(Reuters) - As the Washington, D.C. National Football League franchise contemplates a new identity, some activists, academics and branding experts say other teams should reconsider their Native American names and symbols.
The Washington team announced on Monday plans to drop its “Redskins” name after a review.
That decision has put a spotlight on other teams with Native American names and symbols such as Major League Baseball’s Cleveland Indians and Atlanta Braves, as well as the NHL’s Chicago Blackhawks and NFL’s Kansas City Chiefs.
“If we learned anything from this episode with the Washington team, it should be that it’s not up to the teams to define what is and isn’t honoring Native people,” said Oneida Indian Nation Representative Ray Halbritter, the leader of the “Change the Mascot” campaign, in an email to Reuters.
The Indians franchise said earlier this month it would work “to determine the best path forward with regard to our team name” having already dropped its “Chief Wahoo” logo in 2019.
The Braves said this week that its “Tomahawk Chop” chant was “one of the many issues” being discussed with a Native American advisory group formed last year, but said a name change was out of the question.
The Chicago Blackhawks have said that they will not change their name, while the Kansas City Chiefs, which faced calls for from Native American leaders during their successful Super Bowl bid, declined to comment.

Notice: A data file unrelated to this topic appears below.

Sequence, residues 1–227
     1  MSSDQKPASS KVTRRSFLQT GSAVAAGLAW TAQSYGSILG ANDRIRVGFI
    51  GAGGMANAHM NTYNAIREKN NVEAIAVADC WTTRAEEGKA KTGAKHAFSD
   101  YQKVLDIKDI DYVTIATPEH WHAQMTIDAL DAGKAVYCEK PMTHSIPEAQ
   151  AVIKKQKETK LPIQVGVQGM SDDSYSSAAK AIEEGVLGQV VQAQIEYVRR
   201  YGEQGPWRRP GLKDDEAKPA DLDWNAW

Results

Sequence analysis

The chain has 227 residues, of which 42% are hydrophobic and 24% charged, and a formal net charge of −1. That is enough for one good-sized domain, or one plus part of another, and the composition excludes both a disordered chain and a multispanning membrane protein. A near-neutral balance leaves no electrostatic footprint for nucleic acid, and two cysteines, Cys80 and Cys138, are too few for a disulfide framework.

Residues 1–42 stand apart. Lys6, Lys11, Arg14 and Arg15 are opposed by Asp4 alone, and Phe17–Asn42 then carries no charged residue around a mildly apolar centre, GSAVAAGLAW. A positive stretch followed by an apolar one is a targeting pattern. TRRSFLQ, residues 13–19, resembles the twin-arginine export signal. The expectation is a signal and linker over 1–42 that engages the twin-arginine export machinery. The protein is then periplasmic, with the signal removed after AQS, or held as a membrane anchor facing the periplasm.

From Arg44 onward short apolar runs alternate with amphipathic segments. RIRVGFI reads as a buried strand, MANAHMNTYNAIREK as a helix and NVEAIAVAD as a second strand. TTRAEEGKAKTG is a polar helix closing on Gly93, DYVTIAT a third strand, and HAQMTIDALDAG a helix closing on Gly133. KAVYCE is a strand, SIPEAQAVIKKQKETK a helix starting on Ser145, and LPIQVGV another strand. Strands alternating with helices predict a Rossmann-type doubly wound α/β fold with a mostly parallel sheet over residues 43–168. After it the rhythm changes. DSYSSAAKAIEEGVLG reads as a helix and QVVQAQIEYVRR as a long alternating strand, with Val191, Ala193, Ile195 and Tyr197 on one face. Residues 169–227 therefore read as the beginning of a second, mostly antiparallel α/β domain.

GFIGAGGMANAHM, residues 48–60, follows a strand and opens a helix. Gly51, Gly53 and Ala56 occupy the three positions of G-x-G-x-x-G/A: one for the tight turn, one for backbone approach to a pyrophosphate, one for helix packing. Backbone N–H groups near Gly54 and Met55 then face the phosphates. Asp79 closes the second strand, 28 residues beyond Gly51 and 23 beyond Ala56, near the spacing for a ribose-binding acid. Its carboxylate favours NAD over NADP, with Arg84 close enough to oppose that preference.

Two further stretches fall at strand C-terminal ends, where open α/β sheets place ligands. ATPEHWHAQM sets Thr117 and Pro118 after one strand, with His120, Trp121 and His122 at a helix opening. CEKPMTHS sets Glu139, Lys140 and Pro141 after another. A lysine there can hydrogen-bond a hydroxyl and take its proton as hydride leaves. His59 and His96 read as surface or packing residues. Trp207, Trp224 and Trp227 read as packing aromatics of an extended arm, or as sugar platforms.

The Washington team nickname came under review amid immense pressure from top sponsors, but Gabriel Torres Colón, a Vanderbilt University professor who focuses on race, politics and sports, said a cultural shift is also at play.
“Money’s talking because there’s a general uprising with regard to racial consciousness at the moment,” said Torres Colón, citing ongoing protests across the U.S. following the death of George Floyd in police custody.
“Without the unfortunate death of George Floyd and subsequent popular uprising during a pandemic time, I highly doubt that the Redskins would have ended up doing what they did.”
Ari Lightman, a professor of digital media and marketing with Carnegie Mellon University, who has advised teams and the NFL in the past, said teams should see change as an opportunity to develop a more inclusive brand.
“We need to rethink processes that are legacy, outdated, meet with a lot of resistance,” said Lightman.
“You’re not going to alienate that fandom, that base. What you are going to do if you change (the name), is create more inclusivity to people that might have been distanced from your brand.”
Many fans are resistant to seeing their team’s logo or branding change, but Elizabeth Glynn, the CEO of Travois, a consulting firm that works with Native American and Alaskan Native and Native Hawaiian communities, said “this is a good time to jump on a train that’s already moving.”
“This is the time where people will understand and be ready and if they wait, I think people will really question why, after all that has happened this year.”
Reporting by Amy Tennery; Editing by Toby Davis
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